Miss a lift: If technical, I remind myself that I’m strong enough to get the lift and that I need to fix whatever aspect of technique I missed on the next lift.

If strength: I tell myself my body wasn’t strong enough at that moment, but it will be next time I attempt that weight.

Jen Millican (@jenmillican): 57kg IPF World Champion:

On meet day, I tend to lean on verbal affirmations for myself, particularly if I start fearing an attempt or having doubt. If my mind starts to go in the direction of fear or failure, I’ll often repeat one line to myself over and over until I’m walking on to the platform. Depending on the meet/goals/training cycle….

“My name is Jennifer Millican and I am champion”

“Jennifer Millican, 8 for 9” this one I used after being red lighted for an opening bench attempt.

In any event, make or miss, I always want to keep my mind moving forward. Try to have a short memory and focus on one attempt at a time.

“All I have to do is make this one lift, right here, right now, I need to win this one single lift”

Maria Htee (@maria_htee): 57/63kg #1 Canadian Lifter

Like most athletes, I still get nervous before every competition, regardless of the size of the meet. It’s a combination of pressure and expectations I put upon myself, and the excitement to get on the platform and show how hard I’ve been working to improve. I am very calm and collected, and remind myself anytime I’m feeling anxious that “it’s not life or death, it’s just powerlifting”. My mental preparation occurs during every training session, and begins to sharpen in the last few weeks before meet day. I have full confidence in knowing exactly how I’m going to move those weights. Of course, it doesn’t always go perfectly the way you had planned, but I make no excuses and put my heart into every attempt. You must have no fear, no second guessing, and 100% trust in yourself and your coaches.

Bonica Brown (@bubblypowerlifter): 5x IPF Raw/Equipped World Champion:

When I’m getting ready for the platform I close my eyes and visualize past experiences. I imagine I’m in my comfort zone-my gym, my squat rack, my bench, my deadlift platform. It’s another awesome day in the gym working out and there’s no pressure or worries. I close my eyes and I think about the best times and repeat the best times. I like to think about the walk out on stage.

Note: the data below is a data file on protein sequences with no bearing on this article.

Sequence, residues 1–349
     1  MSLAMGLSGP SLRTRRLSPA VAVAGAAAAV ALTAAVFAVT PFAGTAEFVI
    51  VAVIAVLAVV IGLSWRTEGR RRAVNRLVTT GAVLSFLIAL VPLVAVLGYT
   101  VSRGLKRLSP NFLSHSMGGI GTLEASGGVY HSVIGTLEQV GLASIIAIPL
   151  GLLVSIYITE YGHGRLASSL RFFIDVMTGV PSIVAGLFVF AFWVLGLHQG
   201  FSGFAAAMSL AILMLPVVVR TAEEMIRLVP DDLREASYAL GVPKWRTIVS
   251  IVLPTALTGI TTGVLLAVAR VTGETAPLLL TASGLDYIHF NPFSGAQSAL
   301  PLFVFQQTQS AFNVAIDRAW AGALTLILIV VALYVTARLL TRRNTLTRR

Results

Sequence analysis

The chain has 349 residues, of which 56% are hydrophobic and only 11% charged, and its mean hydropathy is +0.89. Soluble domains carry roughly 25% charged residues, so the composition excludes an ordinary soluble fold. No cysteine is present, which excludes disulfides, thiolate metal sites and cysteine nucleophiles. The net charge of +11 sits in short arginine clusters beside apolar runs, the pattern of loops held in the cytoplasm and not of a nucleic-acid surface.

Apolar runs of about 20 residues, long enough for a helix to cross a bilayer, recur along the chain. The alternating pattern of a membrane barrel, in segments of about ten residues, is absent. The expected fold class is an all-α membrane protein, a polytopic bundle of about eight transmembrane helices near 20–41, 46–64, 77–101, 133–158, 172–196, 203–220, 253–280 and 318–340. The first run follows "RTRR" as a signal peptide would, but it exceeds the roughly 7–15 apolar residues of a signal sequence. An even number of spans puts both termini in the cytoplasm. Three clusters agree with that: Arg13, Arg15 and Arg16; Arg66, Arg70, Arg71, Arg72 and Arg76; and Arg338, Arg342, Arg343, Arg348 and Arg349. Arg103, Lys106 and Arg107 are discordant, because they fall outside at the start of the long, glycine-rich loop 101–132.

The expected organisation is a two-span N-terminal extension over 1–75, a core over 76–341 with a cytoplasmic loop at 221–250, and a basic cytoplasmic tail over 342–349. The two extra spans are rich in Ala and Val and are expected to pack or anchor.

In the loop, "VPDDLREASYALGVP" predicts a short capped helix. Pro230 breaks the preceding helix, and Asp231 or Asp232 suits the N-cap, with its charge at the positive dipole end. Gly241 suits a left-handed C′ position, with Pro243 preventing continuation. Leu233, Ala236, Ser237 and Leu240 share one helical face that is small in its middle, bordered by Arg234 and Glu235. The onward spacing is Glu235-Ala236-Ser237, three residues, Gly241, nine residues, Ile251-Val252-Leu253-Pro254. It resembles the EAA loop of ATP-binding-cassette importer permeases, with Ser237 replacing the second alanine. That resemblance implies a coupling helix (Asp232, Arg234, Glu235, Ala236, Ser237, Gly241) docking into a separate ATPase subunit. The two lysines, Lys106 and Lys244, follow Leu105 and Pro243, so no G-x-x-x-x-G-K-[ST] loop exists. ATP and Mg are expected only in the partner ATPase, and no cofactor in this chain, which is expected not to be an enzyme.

Jen Thompson (@jenthompson132) 63kg IPF World Champion:

Right before I go out I give a yell. I do this because it takes my mind off of everything but the lift. It clears my mind. Then I yell. ” It’s my weight, let’s go!” I’m telling myself I got this no matter what. When I say “let’s go” I’m trying to get the crowd on my side. I raise my arms encouraging the crowd. I feed of it. It makes me feel like everyone is on my side. They are urging me on. I can feel the energy and it’s electric. It gives me goose bumps. Then I have Donovan yelling key words to help remind me what to do. On squats he’s telling “speed” so I won’t go to slow into the hole. On bench he is telling me “take down” to bring the bar down as fast as I can, not to baby it. On deads he yells “pressure” to remind me to build as much as I can.

My attempts are so that my opener is an easy one-I think of it as the last warm up. I know I only have two huge lifts in me. My second is always the biggest weight I know I can get for sure, but it gives me a good read on what I have left. My third is always on the edge. I very rarely miss a second, it’s usually a third and at that point there’s not much you can do about it. If I do miss a second, I will most likely repeat it maybe go up a little depending on the competition. When I miss, Donovan will hit me with encouraging words. While I’m waiting for my next go at it, I keep the negative thoughts out of my head with visualization, and I’m anxious, anxious to fix my mistake.

 

Developing a winning mindset is something we can all learn to do-the same way you are consistent with your lifting and the physical cues, repeat the mental cues and practice them over and over again. I can’t promise you that you’ll always win the competition, but you can develop a more positive growth mindset and learn how to overcome when you fail-failures are for growth not discouragement.

Having a winning mindset doesn’t just happen you have to develop them over time, so don’t wait until meet day to flex that mental muscle, instead practice these cues the next time you’re in the gym-Visualize, self-affirm and stay in the moment.

Marisa Inda

Marisa is a graduate in Biology from Antioch College, mom of two, and personal trainer based out of Southern California. She is a former gymnast with over 20 years combined athletic experience in physique, calisthenics and powerlifting. Marisa is currently the American record holder in Bench, deadlift as well as total in the 114lb class in the USAPL, but she is probably better known as the “pull-up dancing girl” from the Ellen DeGeneres Show.